DecryptedTech

Saturday13 August 2022

Displaying items by tag: Security

Monday, 01 February 2016 05:51

Norse Corp could be a thing of the past

Norse Corp, famous for their live attack map and Viking based parties at Black Hat, could be having some financial issues. At least that is the word from researcher Brian Krebs. Over the last couple of weeks they have laid off 30% of their staff and let their CEO go. Neither of the occurrences is good news for a company that is relatively new (Norse was founded in 2010). The basis of the business was to provide a nimble product that would allow for better threat tracking and blocking. Everything was centered on the use of live information to help prevent and mitigate attacks.

Published in News

One cool thing about working in IT is that things are very predictable. You generally know how a system or application will react if you do this or that to it. This is how people find and use exploits in software and even hardware. You look at how an application works and identify ways you can use those processes against it. It is like digital judo. However, what many people do not really get is that this also works when setting up a larger organization for an attack. If you can track how they will respond to a particular threat, you can use it against them in very interesting ways.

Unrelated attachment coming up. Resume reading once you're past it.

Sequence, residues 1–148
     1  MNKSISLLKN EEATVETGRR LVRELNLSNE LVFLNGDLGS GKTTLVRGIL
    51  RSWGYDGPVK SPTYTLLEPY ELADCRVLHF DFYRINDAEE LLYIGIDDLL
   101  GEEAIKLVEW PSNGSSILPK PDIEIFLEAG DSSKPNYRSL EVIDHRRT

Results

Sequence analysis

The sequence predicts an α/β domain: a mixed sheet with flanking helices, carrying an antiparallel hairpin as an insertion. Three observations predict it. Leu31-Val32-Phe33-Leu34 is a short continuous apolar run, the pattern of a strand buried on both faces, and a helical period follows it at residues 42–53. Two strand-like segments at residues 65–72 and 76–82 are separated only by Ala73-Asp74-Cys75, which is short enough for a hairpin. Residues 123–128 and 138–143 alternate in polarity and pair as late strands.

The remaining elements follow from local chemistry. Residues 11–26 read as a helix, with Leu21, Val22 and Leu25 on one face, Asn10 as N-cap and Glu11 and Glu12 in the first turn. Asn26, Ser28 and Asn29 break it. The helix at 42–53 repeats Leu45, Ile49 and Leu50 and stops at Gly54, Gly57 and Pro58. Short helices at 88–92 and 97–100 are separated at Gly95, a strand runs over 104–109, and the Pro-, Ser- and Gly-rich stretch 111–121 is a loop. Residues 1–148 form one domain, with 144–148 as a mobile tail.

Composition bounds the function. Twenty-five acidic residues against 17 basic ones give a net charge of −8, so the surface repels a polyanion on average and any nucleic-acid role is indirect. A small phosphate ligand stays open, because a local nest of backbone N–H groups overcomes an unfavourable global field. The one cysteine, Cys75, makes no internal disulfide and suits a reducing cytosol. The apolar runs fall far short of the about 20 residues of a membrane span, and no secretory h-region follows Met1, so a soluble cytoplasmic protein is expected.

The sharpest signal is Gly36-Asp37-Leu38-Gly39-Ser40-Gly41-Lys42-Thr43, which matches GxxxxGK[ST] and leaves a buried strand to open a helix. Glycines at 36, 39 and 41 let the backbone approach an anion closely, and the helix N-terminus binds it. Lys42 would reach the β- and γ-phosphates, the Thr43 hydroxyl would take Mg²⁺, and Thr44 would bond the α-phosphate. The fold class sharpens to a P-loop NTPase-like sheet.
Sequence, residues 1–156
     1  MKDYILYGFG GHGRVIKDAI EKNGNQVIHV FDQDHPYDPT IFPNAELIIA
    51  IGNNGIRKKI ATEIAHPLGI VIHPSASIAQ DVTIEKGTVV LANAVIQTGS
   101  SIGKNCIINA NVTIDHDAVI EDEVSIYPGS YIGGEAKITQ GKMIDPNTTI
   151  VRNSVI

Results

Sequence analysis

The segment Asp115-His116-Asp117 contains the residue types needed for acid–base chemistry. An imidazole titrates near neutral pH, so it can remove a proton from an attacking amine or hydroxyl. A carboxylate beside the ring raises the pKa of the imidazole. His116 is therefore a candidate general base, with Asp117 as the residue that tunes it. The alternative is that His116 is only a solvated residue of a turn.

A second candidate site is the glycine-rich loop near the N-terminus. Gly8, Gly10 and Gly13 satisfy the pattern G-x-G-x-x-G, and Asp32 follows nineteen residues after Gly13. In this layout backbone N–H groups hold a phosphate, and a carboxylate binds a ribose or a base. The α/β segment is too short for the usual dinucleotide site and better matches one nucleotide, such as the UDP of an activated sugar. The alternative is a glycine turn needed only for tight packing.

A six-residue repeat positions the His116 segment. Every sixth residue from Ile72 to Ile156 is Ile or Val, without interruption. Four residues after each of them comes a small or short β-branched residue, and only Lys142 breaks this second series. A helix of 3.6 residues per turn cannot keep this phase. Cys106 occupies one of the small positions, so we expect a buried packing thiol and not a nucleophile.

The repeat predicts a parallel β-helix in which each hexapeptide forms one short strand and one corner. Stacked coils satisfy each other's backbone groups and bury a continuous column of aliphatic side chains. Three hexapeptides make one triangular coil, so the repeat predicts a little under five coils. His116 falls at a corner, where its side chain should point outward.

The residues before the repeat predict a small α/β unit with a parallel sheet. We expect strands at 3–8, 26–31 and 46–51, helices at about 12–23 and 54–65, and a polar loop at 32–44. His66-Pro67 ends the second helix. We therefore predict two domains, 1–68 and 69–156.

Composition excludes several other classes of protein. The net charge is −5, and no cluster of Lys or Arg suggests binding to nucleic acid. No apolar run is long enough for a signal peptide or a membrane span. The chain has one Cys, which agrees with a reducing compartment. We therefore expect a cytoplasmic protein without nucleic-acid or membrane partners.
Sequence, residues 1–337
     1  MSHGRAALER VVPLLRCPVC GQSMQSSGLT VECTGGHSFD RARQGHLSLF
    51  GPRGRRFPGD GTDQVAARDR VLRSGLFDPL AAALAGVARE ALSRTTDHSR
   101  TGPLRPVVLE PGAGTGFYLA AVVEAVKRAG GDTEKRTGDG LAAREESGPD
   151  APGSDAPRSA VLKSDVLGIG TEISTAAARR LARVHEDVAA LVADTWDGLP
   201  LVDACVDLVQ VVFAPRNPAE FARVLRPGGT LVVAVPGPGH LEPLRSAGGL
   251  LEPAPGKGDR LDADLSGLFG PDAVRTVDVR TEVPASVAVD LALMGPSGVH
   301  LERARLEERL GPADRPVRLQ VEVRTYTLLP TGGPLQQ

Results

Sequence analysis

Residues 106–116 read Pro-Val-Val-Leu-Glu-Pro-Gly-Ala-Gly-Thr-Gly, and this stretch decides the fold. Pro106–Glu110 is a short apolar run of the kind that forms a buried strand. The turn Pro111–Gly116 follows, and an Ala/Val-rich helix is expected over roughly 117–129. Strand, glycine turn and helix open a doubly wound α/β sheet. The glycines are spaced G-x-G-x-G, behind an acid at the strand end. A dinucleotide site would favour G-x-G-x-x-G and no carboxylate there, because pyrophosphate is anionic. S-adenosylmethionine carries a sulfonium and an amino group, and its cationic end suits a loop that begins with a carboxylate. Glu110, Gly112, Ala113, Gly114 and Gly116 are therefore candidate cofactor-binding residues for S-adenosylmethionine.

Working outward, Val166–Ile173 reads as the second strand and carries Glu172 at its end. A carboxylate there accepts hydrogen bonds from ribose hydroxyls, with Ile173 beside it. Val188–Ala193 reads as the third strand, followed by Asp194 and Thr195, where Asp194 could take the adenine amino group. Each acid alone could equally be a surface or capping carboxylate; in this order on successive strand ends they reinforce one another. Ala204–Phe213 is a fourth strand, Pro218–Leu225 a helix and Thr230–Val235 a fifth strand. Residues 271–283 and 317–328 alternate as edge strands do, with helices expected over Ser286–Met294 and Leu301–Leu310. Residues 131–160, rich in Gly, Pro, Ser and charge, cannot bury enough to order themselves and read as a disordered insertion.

Published in News

Tor has pushed out a new version of its privacy enhancing Tor Browser Bundle. We are up to 5.5 now and, according to the Tor Project it is a full stable release. The update fixes a laundry list of bugs and also covers some usability issues that have been plaguing the software for some time. One interesting note is that they are finally working on blocking ways of fingerprinting users through different mechanisms (resolution, keyboard type etc.).

Published in News

It seems that the stars might finally align to remove one of the largest security holes in the history of… well history itself. Oracle is announcing that it is finally getting rid of the Java Browser Plug-in… sometime. According to a blog post on the Oracle page they are aware that most (if not all) browsers are already blocking plug-ins like the one in the Java Runtime Environment. These are for security, stability and performance, and really should have been done a long time ago. Over the last few years the Java browser plug-in (along with Flash) has been the vector of choice for many web-based attacks.

Published in News

The world of copyright and patents is one of ignorance, greed and just plain stupidity. This is, sadly, on just about all sides of the game. From the people complaining all the way to the judges asked to decide these cases. We have already talked (at length) about the fantasy math the copyright holders use in determining damage and the massive impacts on privacy that they want to further their causes, but now we area in a situation where they have “won” something that no one every should have even considered.

Published in Editorials